Knowing when to quit


It took me the better part of a decade to break up with violin. I’m stubborn, you see. It was kind of like a bad relationship. An abusive one. Where 99% of the time, things were miserable. I hated it. I never practised. I never got better. I derived no joy from it. But that golden 1%, those moments when the music flowed, when the strings were nearly at one with my fingers, when the bow glided across them, rather than being dragged screeching – those were euphoric, and hard to give up.

There are friendships and quasi-friendships that have slid, and that’s okay too. All relationships ebb and flow; the kind of bond you may have had in primary school or high school may not be appropriate 10 years later on in life. And not all relationships are 50/50, but I’m trying to do better at upholding my end of the stick.

I couldn’t have asked for a better job after graduation – it was my dream. Stability, prestige, fabulous coworkers. But the hours… Eventually the balance tipped, and I don’t think I was fully aware of that until after the fact.

I’ll admit, I’ve never been very good at knowing when to quit. Deep inside, throwing in the towel equates to giving up = failure.

Calling it quits. You any good at it?

5 thoughts on “Knowing when to quit

  • Reply Stephanie October 31, 2011 at 18:42

    I like to think of “calling it quits” when the balance tips as prioritizing and being strategic rather than quitting. You’re going to lose something if you don’t bring the balance back.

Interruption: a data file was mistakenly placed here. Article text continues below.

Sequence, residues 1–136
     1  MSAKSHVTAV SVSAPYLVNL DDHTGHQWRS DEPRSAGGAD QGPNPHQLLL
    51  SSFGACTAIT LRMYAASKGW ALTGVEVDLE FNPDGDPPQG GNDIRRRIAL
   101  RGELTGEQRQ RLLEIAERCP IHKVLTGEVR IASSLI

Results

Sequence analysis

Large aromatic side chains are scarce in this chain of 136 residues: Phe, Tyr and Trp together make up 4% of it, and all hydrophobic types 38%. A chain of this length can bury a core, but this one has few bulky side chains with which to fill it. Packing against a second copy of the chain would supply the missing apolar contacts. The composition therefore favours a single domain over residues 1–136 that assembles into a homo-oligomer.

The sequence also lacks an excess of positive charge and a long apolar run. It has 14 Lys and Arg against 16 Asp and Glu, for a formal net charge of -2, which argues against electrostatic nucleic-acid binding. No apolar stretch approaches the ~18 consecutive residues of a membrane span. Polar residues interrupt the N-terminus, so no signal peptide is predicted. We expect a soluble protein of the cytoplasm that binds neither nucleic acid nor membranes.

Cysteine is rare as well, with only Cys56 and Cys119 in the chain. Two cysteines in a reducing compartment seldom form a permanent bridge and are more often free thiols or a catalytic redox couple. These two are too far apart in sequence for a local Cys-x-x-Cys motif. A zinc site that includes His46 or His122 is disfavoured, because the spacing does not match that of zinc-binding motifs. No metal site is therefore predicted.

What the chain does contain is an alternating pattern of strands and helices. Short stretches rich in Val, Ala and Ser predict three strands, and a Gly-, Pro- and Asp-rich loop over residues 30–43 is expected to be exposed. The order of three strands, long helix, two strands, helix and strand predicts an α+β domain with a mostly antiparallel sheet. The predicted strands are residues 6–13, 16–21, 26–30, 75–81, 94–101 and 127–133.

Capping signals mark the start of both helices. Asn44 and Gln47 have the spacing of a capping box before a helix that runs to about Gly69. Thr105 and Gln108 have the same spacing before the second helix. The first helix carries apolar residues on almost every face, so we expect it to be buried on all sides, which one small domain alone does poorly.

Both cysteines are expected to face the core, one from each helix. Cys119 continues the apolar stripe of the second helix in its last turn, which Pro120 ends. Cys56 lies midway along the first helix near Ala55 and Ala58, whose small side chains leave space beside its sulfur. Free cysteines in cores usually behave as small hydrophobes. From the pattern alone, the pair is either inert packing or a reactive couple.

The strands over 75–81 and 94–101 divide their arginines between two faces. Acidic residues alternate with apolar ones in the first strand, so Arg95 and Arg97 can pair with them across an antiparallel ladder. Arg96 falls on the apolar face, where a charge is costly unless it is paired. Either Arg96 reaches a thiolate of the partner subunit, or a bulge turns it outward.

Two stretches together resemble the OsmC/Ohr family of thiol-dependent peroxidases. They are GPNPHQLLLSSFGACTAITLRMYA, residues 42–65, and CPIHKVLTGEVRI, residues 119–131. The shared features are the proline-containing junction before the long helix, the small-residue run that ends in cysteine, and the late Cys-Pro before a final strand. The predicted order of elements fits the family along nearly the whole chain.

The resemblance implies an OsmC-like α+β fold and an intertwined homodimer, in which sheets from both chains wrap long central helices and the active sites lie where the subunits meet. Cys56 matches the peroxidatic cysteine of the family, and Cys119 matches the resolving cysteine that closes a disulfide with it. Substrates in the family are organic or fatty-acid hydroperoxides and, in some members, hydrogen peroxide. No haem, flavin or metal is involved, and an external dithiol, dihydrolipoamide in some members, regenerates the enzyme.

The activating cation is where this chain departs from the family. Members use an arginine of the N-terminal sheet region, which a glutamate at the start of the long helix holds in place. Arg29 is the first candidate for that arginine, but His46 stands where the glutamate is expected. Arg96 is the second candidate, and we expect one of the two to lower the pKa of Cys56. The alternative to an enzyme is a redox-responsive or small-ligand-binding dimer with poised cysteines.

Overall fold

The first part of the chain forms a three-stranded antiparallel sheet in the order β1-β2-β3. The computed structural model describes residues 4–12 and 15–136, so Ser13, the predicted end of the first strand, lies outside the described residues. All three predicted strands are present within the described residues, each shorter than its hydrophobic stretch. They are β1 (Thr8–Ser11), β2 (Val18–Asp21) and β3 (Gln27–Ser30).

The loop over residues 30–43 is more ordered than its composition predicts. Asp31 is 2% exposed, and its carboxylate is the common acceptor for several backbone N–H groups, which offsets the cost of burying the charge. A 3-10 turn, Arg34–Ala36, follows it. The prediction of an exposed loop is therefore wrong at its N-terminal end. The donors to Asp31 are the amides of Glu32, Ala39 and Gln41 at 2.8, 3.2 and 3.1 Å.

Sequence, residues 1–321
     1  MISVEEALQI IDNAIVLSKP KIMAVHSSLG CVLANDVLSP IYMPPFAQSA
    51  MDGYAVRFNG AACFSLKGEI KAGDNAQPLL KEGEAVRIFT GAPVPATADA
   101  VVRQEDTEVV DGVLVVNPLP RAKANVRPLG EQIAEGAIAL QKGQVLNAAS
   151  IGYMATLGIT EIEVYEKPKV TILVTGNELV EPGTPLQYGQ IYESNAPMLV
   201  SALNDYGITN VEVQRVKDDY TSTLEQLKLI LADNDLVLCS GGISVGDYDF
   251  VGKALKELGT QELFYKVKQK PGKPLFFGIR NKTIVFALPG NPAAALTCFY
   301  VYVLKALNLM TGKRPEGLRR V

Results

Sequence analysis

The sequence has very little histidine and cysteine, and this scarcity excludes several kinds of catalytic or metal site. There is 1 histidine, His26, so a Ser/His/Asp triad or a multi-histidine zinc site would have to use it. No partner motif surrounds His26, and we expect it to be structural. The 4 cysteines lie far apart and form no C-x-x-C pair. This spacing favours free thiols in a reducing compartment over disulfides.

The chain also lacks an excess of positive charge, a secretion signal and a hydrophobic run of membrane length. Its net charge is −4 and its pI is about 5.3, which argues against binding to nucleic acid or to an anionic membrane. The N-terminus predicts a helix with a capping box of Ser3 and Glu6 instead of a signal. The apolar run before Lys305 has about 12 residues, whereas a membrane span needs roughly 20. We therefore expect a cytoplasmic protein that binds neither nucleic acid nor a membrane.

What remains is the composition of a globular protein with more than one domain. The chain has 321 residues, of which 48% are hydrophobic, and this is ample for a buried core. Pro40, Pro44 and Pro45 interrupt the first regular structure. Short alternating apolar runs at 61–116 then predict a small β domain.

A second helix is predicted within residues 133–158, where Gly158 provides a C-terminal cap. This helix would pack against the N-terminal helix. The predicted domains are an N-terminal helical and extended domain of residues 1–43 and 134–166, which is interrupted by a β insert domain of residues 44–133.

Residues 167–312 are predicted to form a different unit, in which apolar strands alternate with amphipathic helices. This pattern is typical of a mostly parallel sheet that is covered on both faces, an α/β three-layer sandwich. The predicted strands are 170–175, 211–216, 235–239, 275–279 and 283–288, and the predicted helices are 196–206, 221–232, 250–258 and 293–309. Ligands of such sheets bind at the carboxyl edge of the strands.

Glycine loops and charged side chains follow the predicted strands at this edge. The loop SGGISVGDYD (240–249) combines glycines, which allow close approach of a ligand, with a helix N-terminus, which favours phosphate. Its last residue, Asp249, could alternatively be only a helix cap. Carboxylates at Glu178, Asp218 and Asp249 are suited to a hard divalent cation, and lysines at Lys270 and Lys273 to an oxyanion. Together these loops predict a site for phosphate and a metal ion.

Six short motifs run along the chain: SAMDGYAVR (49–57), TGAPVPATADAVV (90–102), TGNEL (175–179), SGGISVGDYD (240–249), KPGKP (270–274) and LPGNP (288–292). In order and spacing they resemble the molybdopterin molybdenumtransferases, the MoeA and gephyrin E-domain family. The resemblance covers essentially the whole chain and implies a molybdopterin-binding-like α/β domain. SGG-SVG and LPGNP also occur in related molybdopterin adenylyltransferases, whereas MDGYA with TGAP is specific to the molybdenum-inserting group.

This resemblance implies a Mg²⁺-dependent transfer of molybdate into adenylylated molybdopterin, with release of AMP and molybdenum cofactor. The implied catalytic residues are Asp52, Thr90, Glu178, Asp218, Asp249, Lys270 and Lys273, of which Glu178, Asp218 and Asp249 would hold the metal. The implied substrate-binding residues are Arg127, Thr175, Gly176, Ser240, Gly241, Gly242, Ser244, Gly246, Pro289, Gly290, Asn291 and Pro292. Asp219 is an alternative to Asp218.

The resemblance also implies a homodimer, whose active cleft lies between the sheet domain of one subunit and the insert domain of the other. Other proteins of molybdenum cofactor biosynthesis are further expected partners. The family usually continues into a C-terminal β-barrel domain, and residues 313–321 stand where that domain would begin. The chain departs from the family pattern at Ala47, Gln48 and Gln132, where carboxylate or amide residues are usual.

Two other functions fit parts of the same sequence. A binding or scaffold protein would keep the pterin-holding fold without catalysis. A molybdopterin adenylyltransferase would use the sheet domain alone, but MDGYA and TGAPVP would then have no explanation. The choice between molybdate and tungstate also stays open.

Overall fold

I once read once of those demotivational quotes that said, “Winners never quit, and quitters never win. But those who never win and never quit are idiots.”

  • Reply First Gen American November 1, 2011 at 06:48

    Life’s a big juggling act and a lot like chemistry. Usually if you modify a material to have one property, you have to sacrifice another property in return. Rubber is very ductile, but it isn’t very strong. You can add rubber to things to make them more ductile, but along the way, you lose modulus (or strength).

    Careers are often like that too. If you want a challenging position that will stretch you and help you grow, it almost always comes at the cost of long hours and a high stress environment. I went that route for about 10 years and it was good, but now that I have kids, I had to take a different type of job. The price is being bored on occasion, which you have to fill with other things to stimulate the mind.

    I think it’s great that you’re mindful of needing to re-balance already. For me, it took bringing another life into this world before I stepped back and took an honest look at the quality of my life and the need to spend more time with family and friends.

  • Reply krantcents November 1, 2011 at 09:19

    One of my shortcomings is calling it quits. I have a tough time saying to myself I can not succeed. That is what quiting is to me.

  • Reply SP November 1, 2011 at 15:07

    This is so me. But when you finally do quit something that is no longer worth your time, it is so freeing to be able to pursue the next thing

  • Reply Link love (Powered by mini pies and full days) | NZ Muse October 13, 2012 at 12:49

    […] year ago, I talked about how taking the first step toward anything is always the hardest; about knowing when to quit; about worthy friendships and personalising […]

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